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Bassaka puts the blame on CAMS

A man rides past a Bassaka Air office yesterday in Phnom Penh. The airline was criticised last week after a disabled passenger was charged $240 to board the carrier’s plane in Siem Reap.
A man rides past a Bassaka Air office yesterday in Phnom Penh. The airline was criticised last week after a disabled passenger was charged $240 to board the carrier’s plane in Siem Reap. Pha Lina

Bassaka puts the blame on CAMS

The government has asked the company that manages airports in Cambodia to explain why, according to airline Bassaka Air, it demanded $240 from the carrier for helping a disabled passenger board one of its aircraft.

Bassaka Air, which found itself at the centre of a media storm last week after it asked Sudanese wheelchair user Rahma El Siddig Gasm Elbari Mustafa to pay the extra cash, has since blamed Cambodia Airport Management Service Company (CAMS), owned by France’s Vinci Group and Malaysia’s Muhibbah Airport Services (Labuan) Ltd, for the debacle.

The airline wrote to the government’s Disablity Action Council (DAC) on Thursday, denying it had acted in a discriminatory way and saying it had no choice but to ask Mustafa for the extra money because it was asked to pay the sum by CAMS.

The airport company asked it for the money, Bassaka Air claimed in its letter, in return for providing a special lift that raises wheelchairs to the level of an aircraft’s door after its disabled passenger arrived at Siem Reap airport on September 19 to take a flight to Phnom Penh.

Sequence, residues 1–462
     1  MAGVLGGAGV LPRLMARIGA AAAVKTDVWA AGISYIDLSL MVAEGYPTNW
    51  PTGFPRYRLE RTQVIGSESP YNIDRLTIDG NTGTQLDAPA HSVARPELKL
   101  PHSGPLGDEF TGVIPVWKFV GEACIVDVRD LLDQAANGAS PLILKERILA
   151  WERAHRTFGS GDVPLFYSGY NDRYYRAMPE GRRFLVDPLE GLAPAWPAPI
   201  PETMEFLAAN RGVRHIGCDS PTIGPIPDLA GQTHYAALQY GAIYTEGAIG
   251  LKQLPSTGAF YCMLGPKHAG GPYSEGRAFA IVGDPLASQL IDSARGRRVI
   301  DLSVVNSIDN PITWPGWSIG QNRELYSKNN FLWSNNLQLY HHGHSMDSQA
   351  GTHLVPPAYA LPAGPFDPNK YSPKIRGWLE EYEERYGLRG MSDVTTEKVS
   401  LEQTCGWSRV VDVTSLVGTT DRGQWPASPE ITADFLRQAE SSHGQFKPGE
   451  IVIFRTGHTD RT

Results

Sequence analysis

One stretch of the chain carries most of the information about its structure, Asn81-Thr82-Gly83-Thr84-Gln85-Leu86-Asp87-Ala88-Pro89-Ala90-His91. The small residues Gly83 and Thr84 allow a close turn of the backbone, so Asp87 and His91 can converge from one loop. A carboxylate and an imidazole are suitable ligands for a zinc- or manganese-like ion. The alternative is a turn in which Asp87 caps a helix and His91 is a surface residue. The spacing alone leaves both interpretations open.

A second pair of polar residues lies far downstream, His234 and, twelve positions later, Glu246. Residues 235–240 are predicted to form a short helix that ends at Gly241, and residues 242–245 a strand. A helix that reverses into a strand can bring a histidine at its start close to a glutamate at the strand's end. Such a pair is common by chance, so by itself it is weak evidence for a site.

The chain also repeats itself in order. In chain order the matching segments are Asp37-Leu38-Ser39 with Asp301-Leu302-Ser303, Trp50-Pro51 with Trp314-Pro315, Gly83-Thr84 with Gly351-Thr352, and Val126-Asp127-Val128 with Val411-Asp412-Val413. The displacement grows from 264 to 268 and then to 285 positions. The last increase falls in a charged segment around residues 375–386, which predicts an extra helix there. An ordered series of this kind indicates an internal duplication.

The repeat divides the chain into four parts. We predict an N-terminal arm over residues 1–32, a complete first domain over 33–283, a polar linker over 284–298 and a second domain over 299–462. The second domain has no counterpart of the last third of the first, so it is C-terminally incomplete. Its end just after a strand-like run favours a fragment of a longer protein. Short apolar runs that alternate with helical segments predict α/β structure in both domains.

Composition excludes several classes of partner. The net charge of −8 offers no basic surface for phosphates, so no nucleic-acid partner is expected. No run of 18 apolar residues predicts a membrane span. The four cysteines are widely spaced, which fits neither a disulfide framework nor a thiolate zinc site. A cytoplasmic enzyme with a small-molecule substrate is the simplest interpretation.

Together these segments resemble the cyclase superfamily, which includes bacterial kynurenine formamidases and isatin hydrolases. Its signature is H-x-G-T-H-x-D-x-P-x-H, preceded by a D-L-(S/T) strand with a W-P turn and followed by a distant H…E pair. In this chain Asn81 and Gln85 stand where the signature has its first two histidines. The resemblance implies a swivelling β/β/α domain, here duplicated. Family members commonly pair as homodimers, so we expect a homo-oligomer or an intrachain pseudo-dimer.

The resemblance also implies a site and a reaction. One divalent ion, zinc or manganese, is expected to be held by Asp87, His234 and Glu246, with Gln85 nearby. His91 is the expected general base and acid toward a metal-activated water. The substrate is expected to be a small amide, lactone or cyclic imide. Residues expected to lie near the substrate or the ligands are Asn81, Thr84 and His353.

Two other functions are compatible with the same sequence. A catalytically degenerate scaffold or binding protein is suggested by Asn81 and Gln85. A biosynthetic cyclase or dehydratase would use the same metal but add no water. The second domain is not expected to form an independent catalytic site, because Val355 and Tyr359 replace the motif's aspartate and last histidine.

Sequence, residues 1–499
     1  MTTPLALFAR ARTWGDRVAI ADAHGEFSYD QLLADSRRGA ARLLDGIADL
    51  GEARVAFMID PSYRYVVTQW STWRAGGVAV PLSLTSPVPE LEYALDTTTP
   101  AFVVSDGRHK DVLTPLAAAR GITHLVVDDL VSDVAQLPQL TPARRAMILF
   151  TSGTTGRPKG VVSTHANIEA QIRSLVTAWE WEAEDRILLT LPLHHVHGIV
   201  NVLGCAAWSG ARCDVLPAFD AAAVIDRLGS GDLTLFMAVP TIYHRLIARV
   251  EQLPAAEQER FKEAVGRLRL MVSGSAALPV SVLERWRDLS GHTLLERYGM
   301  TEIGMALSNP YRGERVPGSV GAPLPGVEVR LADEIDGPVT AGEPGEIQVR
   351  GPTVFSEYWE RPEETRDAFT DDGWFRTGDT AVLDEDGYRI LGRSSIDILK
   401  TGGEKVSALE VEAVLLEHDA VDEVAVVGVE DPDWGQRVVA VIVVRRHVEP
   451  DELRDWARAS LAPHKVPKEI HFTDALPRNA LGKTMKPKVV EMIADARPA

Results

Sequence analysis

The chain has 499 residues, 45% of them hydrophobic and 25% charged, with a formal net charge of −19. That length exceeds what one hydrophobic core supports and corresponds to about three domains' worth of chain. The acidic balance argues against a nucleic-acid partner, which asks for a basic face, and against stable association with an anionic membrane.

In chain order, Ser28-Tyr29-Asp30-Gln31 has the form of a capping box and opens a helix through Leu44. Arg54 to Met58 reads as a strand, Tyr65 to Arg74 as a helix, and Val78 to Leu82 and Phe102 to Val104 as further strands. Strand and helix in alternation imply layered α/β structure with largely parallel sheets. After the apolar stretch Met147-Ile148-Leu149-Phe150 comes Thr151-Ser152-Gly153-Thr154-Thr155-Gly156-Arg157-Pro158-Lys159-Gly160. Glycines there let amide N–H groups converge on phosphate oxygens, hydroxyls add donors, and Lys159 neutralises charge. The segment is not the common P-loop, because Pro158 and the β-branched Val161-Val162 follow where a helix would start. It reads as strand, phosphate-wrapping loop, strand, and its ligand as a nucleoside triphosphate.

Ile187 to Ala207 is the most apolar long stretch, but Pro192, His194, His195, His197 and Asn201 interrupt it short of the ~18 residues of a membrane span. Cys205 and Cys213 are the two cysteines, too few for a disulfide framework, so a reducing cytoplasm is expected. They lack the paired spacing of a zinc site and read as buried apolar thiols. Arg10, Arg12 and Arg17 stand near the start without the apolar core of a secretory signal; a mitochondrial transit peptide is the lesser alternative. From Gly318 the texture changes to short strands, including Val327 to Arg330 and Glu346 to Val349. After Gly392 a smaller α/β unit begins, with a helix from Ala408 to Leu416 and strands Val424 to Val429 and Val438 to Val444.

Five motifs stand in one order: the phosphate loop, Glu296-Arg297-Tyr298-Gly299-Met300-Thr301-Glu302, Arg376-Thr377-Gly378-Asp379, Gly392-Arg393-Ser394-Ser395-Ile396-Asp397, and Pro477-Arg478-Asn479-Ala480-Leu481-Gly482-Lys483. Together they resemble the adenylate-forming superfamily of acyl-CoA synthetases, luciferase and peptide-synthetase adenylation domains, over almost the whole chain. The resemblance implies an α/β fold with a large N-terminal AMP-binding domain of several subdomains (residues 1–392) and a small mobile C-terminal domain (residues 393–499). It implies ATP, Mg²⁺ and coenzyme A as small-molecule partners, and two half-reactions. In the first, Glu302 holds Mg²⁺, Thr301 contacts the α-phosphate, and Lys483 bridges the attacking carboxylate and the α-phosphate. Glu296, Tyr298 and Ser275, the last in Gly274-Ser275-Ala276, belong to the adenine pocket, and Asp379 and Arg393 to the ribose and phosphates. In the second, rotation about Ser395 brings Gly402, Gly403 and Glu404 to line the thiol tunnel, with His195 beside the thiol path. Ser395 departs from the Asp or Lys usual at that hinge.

Last week, DAC head and Minister for Social Affairs Vong Sauth said the government might take legal action against Bassaka Air if it discovered the airline had intentionally discriminated against a disabled person.

Chairman of DAC General Secretariat, Em Chanmakara, has now written to CAMS director Emanuel Menanpeau asking why an extra fee was charged for helping a wheelchair user board an aircraft.

“I am asking the company to explain the additional charge of $240 officially, reasonably and responsibly, in order to protect disabled people’s interests in Cambodia in accordance with disability protection and empowerment laws and the disability treaty,” he said in his letter.

Menanpeau could not be reached for comment yesterday for comment.

Chanmakara told the Post yesterday that DAC also planned to meet both Bassaka Air and CAMS this week to seek a solution.

“Generally, disabled passengers do not need to pay any additional charge for services,” he added.

Executive director of Cambodia Disability Organization, Ngin Sao Roath took a dim view of Bassaka Air’s explanation of what had happened and said the companies involved were trying to pass the buck.

“Putting the blame on another party is not a good solution,” he said, adding that the airline, the airport management company and the government had a duty to ensure disabled people could travel in comfort.

Roath added that the Cambodia Disability Organization planned to write to Vong Sauth to suggest the establishment of an inter-ministry committee comprising DAC and the State Secretariat of Civil Aviation in order to avoid a similar problem happening in the future.

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